In the deep south of China, about 700 km northwest of Hong Kong, lie the famous rice terraces, the so-called “dragon ridges”. These unique landscapes were created by the minorities living in the provinces. Indigenous peoples such as the Yao, Miao or Dong still try to live in harmony with nature and to save their old customs and traditions for the 21st century.
In Huangluo, the “village of the longhaired women”, it is the Yao women who have succeeded in getting an entry in the Guinness Book of Records with spectacular hair lengths of up to 88 feet and 7 inches. With an idiosyncratic hair combing show, they succeed in inspiring tourists for their simple village life.
The “last gunmen” have also preserved their hair ritual. The men of the Miao people are the only ones in all of China who are still allowed to carry weapons. They shave their heads with a sickle, leaving only a tuft of hair. Today, this is still a symbol of this tribe’s closeness to nature, which believes in the sacred power of trees.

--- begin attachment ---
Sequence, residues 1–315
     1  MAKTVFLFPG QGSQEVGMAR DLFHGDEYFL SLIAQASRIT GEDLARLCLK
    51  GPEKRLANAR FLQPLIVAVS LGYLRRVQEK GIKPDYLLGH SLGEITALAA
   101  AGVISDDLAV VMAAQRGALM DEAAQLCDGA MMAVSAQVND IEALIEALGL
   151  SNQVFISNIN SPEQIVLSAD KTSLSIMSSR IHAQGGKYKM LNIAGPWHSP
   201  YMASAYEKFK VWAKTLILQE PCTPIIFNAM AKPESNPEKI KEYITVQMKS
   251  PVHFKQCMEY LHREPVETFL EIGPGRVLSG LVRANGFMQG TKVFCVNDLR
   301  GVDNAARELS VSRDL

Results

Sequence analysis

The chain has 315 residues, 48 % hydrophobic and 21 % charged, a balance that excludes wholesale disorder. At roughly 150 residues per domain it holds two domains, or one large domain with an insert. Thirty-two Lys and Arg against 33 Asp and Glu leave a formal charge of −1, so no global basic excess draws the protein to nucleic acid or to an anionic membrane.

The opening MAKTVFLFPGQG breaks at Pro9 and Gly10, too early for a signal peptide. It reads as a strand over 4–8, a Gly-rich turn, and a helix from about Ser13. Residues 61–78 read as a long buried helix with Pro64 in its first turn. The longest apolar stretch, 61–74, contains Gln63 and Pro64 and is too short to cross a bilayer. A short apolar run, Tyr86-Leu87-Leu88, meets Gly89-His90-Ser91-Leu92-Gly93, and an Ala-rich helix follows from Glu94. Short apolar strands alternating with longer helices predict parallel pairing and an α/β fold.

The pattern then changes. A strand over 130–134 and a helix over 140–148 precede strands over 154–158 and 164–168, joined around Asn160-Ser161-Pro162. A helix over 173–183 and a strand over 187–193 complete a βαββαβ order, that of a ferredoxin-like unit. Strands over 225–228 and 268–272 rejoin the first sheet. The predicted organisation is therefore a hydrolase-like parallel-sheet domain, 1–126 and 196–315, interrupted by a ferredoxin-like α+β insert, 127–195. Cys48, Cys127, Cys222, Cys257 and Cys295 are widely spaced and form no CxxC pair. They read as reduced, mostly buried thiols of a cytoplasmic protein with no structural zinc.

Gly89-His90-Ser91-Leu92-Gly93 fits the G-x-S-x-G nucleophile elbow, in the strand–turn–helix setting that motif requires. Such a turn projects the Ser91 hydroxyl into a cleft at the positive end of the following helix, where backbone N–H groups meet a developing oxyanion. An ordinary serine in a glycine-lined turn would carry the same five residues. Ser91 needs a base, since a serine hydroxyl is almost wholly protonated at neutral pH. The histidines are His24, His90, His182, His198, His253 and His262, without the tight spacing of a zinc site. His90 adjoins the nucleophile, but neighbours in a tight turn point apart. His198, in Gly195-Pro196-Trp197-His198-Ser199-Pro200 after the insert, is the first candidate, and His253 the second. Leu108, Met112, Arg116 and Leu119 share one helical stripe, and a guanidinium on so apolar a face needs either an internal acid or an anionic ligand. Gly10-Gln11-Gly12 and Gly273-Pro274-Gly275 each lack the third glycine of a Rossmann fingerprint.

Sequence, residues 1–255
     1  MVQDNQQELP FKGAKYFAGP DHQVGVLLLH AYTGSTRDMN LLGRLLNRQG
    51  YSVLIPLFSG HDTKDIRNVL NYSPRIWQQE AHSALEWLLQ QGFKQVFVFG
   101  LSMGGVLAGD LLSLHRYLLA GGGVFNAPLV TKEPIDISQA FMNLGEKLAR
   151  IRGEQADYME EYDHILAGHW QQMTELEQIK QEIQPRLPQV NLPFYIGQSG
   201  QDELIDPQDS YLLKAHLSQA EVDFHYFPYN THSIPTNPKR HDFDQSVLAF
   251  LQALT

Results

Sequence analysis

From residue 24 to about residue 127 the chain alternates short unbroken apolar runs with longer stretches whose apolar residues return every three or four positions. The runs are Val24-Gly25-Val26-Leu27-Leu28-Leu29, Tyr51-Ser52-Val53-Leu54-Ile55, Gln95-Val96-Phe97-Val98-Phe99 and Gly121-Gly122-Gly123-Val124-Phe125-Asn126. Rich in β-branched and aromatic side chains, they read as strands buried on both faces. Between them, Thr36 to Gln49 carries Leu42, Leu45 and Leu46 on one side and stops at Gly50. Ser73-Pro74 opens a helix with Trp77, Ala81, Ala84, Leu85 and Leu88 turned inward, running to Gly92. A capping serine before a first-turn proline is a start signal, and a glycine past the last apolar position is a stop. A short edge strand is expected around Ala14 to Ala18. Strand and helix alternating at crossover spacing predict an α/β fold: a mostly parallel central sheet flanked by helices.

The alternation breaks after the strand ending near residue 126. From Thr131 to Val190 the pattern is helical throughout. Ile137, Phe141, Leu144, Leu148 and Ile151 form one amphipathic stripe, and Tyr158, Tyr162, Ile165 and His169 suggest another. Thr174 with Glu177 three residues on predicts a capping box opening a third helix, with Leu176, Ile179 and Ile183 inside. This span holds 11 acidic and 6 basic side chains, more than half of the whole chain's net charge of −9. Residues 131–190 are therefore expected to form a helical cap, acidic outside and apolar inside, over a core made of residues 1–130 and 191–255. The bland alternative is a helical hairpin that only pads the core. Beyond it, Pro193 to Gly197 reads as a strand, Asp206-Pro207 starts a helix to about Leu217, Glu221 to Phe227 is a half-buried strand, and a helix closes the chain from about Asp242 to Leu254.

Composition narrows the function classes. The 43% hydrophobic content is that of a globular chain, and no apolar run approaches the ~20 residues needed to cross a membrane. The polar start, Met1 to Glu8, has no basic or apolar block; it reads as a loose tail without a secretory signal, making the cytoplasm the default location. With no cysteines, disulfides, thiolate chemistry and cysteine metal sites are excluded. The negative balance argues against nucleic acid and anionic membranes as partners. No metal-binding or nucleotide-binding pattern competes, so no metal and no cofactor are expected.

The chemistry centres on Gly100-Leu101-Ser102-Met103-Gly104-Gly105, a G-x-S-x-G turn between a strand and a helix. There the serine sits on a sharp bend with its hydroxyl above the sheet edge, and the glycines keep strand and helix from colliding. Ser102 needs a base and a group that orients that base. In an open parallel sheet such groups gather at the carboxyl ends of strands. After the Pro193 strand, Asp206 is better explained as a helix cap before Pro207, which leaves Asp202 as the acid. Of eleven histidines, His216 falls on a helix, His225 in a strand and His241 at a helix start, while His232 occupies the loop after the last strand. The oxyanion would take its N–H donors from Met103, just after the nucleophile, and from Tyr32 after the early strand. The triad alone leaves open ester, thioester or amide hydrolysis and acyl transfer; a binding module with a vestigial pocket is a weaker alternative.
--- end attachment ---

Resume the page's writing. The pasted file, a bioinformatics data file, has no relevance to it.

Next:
With the help of a government tourism promotion programme, a huge leap in development is now to take place. A close-meshed motorway network connects the region with the high-tech rest of China. The centuries-old customs are being prepared for tourist flows and should catapult the region forward economically. Folklore as capital – curse or blessing for the Chinese minorities?